Here’s an excerpt from Beethoven’s piano sonata no. 5, second movement, measures 13-16, with my analysis in blue (key of Ab major, 2/4 time):

Beethoven Op. 10, No. 1, "Adagio Molto", mm. 13–16, with analysis

My question is about the notes and chords in the blue box. At first I thought it was a Neapolitan or augmented sixth chord, but it’s not. I’m very curious about the augmented first degrees (A naturals) on relatively strong beats. Is this just chromatic material or is there something functional happening here?

2 Answers 2


The overall harmonic motion of the measure is from IV to ii6. The transition is made through the augmented triad rooted on 4 — in essence, the first A-natural is just an accented chromatic passing tone.1

IV moving to ii6 via IV+

However, the arrival on the ii chord is intensified by the presence of viio/ii (over the Db pedal tone), also in a relatively accented position.

Measure 14 harmonic analysis

1 This same chromatic motion between a major chord and its relative minor in first inversion forms the classic accompaniment of the song "Brazil" ("Aquarela do Brasil", Ary Barroso [1939]). I really like this progression and also mention it in How do I use augmented chords in my progressions?.

  • Would that make the A naturals part of a iimaj7 (minor-major) chord? Commented Nov 15, 2021 at 3:30
  • @ToddWilcox Would appreciate your feedback on whether my edit better explains.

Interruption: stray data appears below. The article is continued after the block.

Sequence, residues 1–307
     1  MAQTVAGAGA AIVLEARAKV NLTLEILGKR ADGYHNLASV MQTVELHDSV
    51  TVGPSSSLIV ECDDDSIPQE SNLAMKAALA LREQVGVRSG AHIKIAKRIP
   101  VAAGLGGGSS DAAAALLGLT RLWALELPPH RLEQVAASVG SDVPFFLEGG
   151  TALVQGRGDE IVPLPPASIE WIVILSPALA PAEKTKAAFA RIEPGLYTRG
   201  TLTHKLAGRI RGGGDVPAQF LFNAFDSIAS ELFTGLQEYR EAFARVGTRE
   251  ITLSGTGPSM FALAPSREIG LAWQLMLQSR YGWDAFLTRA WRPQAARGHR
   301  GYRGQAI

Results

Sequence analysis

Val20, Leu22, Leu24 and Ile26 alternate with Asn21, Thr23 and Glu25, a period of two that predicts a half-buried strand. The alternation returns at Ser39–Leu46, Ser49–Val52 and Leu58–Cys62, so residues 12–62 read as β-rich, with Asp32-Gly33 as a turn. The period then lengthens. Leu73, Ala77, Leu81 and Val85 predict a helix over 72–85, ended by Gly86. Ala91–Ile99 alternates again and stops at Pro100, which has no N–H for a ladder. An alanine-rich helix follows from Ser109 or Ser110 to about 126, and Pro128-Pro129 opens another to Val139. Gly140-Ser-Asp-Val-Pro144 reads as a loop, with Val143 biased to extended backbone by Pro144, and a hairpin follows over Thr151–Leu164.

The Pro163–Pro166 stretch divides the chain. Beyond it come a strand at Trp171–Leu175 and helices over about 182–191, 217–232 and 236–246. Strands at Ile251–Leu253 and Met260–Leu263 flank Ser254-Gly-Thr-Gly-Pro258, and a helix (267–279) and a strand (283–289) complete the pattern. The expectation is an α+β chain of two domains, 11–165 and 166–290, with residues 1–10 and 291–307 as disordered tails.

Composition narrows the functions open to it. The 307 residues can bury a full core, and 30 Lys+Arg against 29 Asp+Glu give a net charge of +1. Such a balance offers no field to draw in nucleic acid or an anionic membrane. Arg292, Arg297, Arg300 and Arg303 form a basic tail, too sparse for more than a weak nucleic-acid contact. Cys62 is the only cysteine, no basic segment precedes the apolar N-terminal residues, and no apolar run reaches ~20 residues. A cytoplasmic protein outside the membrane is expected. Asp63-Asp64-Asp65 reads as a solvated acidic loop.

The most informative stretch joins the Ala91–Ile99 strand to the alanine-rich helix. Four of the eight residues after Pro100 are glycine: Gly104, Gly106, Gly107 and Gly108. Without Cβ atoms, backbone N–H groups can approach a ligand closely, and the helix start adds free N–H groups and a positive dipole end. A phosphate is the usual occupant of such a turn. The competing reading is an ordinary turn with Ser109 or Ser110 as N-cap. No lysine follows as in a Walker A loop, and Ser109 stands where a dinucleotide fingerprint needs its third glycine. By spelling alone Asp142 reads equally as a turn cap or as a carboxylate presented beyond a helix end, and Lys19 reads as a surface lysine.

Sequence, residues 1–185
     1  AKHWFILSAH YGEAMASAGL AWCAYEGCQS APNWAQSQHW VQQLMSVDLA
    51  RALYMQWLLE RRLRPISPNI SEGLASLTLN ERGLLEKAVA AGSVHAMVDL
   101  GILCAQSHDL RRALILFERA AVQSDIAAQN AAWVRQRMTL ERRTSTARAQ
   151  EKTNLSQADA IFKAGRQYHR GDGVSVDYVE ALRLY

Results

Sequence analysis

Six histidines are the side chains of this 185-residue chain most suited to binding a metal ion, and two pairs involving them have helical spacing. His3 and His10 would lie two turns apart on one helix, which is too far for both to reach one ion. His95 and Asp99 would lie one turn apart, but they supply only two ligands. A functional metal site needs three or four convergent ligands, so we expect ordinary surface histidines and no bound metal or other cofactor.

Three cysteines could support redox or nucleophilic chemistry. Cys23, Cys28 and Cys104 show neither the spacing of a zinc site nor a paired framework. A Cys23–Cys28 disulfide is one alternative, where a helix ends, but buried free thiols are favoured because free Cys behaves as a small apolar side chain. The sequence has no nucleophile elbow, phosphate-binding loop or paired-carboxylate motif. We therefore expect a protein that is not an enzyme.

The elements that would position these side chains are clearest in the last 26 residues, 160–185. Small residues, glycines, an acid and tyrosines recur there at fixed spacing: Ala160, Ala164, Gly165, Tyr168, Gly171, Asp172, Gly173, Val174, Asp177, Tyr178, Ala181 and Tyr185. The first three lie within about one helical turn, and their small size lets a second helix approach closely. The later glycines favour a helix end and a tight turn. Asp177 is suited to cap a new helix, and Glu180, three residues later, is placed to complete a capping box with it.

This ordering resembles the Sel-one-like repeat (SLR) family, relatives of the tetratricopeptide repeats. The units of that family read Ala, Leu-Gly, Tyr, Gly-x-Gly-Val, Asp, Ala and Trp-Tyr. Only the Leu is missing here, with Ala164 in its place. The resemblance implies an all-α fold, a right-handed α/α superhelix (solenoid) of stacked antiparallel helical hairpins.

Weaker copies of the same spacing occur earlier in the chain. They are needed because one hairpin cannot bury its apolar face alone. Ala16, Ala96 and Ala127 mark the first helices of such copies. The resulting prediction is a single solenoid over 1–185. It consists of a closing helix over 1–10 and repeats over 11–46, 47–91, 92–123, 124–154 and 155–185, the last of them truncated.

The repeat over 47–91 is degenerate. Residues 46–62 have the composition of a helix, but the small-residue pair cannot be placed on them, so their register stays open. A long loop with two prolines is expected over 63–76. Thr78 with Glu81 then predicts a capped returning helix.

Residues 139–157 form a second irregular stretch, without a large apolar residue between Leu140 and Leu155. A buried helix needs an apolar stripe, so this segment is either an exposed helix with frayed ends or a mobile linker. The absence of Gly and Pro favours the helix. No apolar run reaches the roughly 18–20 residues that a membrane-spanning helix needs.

– Aaron
    Commented Nov 15, 2021 at 4:38
  • 1
    In other words, "Is this just chromatic material or is there something functional happening here," Yes and yes. Commented Nov 15, 2021 at 13:24
  • 1
    @ToddWilcox That's very interesting about the delayed Db/F. Not only the delay, but being a dyad, it's inherently ambiguous, plus the Ab, being at the weakest part of the beat, is barely heard as part of the chord.
    – Aaron
    Commented Nov 15, 2021 at 15:20
  • 1
    @ToddWilcox No worries. The kid in me is looking forward to my new hat.
    – Aaron
    Commented Dec 15, 2021 at 23:04

I agree that this is basically moving from IV to ii6. But instead of an augmented chord, I'd treat that A as a chromatic passing tone. If you look at the line, Beethoven didn't have any emphasis on that A. If he really wanted that to be a chord, he'd make it more apparent. An augmented chord is usually a rare case in the classical period based on how I was taught.

Haydn used it in one of his string quartets and that chord is made clear - strong beat + all notes of the chord are played.

  • The only thing is there’s an A natural on the second beat and then another one half a beat later. While they are both short, there’s two of them and if they are just passing tones why couldn’t they just be flattened as normal? Commented Dec 15, 2021 at 22:34
  • @ToddWilcox, Yes. There are two of them, but they are there for different reasons. The second A-natural is there because Beethoven needed to construct a diminished triad that resolves to the ii chord. So that chord has a function and must be constructed that way (in fact, if you change it to an A-flat, it doesn't sound as natural - or actually tonal. It would sound like a modal progression). The first A, as I mentioned, is just part of an ascending line. The sustained D-falt and F are more important than that short A, despite that it's on a strong beat.
    – lbbl59
    Commented Dec 16, 2021 at 7:28
  • The progression would become IV-I-ii if you change the second A to A-flat. Compared to the original IV-vii/ii-ii progression, that one has a plagal movement IV-I. It's a valid progression but has less tendency to move to ii.
    – lbbl59
    Commented Dec 16, 2021 at 7:41

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